man civilization — the cleared lands, the regular food supply, the well-made clothes and fine weapons — but they did not understand the civilization which they wanted to enjoy. They could not preserve it; they could not repair and restore it when it decayed. And yet these barbarian soldiers, with their limited outlook and small sense of civic responsibility, were the source of political power in the Empire. They were the only group who could express their discontent with the government, the only group whose wishes had to be heeded by the men in power. Unfortunately for the Empire, the desires of the barbarians were always concerned with their own welfare and never with the welfare of the state. They would revolt to make a favorite general emperor, to gain extra pay, to force an allotment of land to veteran troops, to gain high offices for their native leaders. They would never revolt to change the political system which was strangling patriotism, civic responsibility, and private initiative. Like the civilians, the soldiers accepted the Empire as a natural phenomenon which was as permanent and unchangeable as the solar system. The Empire was there; they made the best terms with it they could, but it was not their job to keep it going. All responsibility, all initiative, lay with the emperor and his bureaucrats. If they failed to do their duty, if they made disastrous mistakes, no body of citizens or of soldiers could take their place or repair their errors.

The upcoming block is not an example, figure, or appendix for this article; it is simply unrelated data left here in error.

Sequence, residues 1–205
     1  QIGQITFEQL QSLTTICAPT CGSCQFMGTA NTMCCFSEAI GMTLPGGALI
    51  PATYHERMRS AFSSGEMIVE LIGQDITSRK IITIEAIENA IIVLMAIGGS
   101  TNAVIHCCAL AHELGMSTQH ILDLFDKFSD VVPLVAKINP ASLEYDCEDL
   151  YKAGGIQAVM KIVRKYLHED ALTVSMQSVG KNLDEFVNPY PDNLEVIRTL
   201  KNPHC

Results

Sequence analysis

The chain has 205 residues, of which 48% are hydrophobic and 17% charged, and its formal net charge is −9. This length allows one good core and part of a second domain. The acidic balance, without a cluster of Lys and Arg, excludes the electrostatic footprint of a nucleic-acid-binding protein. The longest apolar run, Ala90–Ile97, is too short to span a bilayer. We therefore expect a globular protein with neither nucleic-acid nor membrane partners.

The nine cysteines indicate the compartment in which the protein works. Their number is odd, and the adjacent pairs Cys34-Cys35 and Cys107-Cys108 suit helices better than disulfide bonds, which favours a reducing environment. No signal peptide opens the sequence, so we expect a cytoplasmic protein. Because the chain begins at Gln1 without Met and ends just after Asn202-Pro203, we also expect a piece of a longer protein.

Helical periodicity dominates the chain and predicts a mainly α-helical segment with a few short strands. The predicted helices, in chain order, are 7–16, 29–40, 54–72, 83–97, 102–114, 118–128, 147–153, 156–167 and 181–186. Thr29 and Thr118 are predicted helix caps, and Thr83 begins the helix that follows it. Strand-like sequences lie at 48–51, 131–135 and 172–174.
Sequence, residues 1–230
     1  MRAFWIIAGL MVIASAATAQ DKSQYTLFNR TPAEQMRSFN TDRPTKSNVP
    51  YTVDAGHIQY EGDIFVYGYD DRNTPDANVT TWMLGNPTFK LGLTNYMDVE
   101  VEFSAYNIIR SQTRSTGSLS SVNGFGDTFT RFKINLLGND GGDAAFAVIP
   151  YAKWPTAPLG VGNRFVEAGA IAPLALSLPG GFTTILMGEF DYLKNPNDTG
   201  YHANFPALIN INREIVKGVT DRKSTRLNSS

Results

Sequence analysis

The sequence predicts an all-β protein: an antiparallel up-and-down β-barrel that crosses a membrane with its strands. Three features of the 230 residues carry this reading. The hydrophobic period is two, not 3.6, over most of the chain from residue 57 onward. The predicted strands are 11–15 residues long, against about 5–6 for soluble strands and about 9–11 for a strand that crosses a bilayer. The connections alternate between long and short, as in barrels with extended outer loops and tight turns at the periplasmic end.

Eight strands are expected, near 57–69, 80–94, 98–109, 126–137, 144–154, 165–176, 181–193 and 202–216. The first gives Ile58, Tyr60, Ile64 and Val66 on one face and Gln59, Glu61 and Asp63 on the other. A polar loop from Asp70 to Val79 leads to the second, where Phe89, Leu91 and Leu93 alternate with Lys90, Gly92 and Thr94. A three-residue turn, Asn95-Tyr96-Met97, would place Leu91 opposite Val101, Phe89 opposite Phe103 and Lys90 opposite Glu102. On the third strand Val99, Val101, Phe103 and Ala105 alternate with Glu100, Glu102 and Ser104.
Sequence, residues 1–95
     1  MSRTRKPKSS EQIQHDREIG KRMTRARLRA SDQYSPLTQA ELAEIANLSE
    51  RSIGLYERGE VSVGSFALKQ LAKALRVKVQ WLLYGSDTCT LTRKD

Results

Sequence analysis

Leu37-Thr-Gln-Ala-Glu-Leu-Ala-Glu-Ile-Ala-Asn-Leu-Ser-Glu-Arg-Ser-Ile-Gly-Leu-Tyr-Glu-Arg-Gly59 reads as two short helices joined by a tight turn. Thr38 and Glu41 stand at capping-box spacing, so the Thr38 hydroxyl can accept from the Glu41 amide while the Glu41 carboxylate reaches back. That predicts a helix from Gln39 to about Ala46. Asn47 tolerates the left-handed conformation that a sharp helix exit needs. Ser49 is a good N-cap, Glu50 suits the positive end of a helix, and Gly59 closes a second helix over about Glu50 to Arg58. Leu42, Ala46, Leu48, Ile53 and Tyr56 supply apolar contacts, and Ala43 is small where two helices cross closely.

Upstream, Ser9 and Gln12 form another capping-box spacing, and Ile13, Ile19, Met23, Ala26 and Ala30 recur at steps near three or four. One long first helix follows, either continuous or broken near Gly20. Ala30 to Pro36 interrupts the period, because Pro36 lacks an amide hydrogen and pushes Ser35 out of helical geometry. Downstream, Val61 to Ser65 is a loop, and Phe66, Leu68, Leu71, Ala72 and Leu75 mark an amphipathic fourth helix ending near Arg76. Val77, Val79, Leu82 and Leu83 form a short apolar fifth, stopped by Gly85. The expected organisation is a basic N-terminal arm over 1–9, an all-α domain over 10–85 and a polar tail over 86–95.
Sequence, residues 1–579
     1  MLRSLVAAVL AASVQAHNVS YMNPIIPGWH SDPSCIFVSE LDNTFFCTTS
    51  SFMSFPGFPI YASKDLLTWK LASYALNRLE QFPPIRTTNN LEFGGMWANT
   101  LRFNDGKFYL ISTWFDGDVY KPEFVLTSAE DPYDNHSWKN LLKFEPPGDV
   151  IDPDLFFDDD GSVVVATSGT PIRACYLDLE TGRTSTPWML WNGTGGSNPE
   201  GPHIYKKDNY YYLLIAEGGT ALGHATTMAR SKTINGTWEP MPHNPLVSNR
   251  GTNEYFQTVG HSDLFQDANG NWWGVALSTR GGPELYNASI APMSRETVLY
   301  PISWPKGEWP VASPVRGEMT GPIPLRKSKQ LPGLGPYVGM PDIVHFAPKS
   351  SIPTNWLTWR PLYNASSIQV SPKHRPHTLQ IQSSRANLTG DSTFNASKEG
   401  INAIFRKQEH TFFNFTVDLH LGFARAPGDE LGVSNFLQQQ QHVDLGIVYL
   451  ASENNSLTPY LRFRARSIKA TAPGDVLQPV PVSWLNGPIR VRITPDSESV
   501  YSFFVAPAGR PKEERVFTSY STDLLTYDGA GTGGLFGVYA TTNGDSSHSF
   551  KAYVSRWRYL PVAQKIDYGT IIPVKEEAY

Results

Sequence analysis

The political situation was bad; the economic situation was even worse. The imperial government, most of the city governments, and practically all ordinary citizens were bankrupt long before the fall of Rome. This impoverishment of the Empire increased the sense of strain and futility which contributed to the final collapse. Men who could not make a decent living after honest effort, men who saw their standard of living and their social status steadily diminishing, could not be expected to be very much interested in preserving a civilization which had ruined them. And yet the Empire included the richest regions and the most fertile lands of the ancient world. If Greece could prosper when it had been divided